Blustery days put me on edge. The South Carolina Lowcountry isn’t supposed to be wind-whipped but today the seasons are battling it out on the banks of the Beaufort River. The water is the color of Spanish moss flailing from the massive boughs of Live Oaks. I can’t relax, settle into my thoughts, with palm fronds scraping the window. And I’m not sure why.
When I lived here with Byrne, I could always toss these questions into the air between us. There would be wine, on the porch, and maybe a sliver of cake. And stories, always hers, that I scoured for meaning. She was confidant and fortune teller. I could interpret my life through hers.
Now that she’s gone, I unravel truths from books instead. I wrap the ideas of other writers around my shoulders, seeing how the words fit. Like these, from Willa Cather’s “Death Comes for the Archbishop.”
“It was the Indian manner to vanish into the landscape, not to stand out against it,” she wrote. “The Navajo hogans, among the sand and willows, were made of sand and willows. None of the pueblos would at that time admit glass windows into their dwellings. The reflection of the sun on the glazing was to them ugly and un-natural – even dangerous.”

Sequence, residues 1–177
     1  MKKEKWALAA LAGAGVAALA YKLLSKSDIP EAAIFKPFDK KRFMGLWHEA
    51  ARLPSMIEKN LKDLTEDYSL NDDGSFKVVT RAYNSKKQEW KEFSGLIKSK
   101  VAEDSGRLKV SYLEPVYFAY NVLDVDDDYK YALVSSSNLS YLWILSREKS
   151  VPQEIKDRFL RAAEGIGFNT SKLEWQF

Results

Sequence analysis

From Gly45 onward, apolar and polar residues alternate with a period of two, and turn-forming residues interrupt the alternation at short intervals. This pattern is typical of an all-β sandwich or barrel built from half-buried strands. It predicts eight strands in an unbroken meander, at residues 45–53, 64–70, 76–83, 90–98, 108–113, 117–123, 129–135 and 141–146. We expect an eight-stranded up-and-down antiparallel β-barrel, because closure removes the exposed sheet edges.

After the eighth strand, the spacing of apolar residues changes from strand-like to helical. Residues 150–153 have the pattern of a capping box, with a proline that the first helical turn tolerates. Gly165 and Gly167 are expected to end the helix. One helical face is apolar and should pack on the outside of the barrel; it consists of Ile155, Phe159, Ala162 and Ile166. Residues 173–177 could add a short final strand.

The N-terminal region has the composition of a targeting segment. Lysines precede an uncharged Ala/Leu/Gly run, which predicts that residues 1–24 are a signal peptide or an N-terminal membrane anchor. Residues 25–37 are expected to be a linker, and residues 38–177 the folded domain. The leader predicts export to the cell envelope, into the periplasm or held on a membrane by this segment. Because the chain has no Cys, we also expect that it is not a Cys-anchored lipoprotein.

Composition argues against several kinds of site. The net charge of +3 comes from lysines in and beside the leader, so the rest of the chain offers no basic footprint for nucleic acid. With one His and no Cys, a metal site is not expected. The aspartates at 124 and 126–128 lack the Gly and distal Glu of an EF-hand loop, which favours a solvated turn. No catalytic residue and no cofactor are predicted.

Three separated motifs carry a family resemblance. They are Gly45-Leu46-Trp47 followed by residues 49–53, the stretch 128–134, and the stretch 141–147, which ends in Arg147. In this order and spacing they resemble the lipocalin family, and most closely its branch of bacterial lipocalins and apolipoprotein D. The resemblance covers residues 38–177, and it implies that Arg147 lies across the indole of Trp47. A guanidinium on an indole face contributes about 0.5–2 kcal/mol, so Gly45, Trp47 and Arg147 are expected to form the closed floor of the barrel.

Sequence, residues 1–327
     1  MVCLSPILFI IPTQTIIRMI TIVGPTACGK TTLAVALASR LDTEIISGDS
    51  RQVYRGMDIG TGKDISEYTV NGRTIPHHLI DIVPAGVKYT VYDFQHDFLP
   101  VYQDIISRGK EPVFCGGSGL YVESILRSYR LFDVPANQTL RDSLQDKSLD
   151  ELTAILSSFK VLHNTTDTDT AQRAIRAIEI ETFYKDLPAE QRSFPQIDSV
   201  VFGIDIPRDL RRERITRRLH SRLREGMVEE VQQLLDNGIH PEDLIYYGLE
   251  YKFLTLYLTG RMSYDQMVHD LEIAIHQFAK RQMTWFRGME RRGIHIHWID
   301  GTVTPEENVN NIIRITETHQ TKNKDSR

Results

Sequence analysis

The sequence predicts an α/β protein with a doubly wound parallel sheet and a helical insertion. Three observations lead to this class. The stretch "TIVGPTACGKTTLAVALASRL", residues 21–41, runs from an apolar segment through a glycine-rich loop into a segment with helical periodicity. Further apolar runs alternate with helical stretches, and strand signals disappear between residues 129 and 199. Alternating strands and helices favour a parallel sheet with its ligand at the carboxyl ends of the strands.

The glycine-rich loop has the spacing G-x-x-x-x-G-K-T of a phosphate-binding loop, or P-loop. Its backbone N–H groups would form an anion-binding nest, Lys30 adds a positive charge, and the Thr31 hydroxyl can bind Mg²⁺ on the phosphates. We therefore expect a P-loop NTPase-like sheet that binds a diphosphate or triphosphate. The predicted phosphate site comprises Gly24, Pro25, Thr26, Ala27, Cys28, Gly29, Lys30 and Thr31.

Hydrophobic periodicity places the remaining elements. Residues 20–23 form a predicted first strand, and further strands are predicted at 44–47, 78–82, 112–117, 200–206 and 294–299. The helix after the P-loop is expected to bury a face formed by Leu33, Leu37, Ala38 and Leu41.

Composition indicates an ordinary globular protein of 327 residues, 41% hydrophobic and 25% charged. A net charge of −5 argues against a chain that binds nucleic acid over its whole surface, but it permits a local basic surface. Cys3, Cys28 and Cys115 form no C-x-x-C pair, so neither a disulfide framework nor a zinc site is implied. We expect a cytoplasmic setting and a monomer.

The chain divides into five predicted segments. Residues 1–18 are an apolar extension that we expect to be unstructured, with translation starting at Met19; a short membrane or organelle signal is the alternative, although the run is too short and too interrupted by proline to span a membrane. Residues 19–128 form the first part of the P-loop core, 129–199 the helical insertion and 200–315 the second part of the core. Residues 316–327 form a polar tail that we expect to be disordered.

I have tried to change the landscape, living in this house that Byrne and Duncan Miller loved. Hiding behind its windows and walls, I pretend that all I see is permanent and predictable. Something I can draw from, and write about, at will. The wind reminds me I am an intruder.
One of Byrne’s first adopted “children,” a Navajo elder I consider my brother-by-Byrne, if not by birth, wrote a letter to me when he found out I was writing a memoir of my time with her. We were planning a reunion, here in the house he had visited on momentous occasions in Byrne’s life: major dance concerts, anniversaries, memorial services. One line in his letter has confused me, until today.
“At times I want to see the house and the trees again, but did not know ways to them.”
My brother-by-Byrne sees himself as walking through landscapes, not discovering or claiming them. What matters are the memories and feelings they evoke. The path is not one he controls. He is at peace with that. I sit at my desk and wonder when the wind will stop and I can settle into certainty again.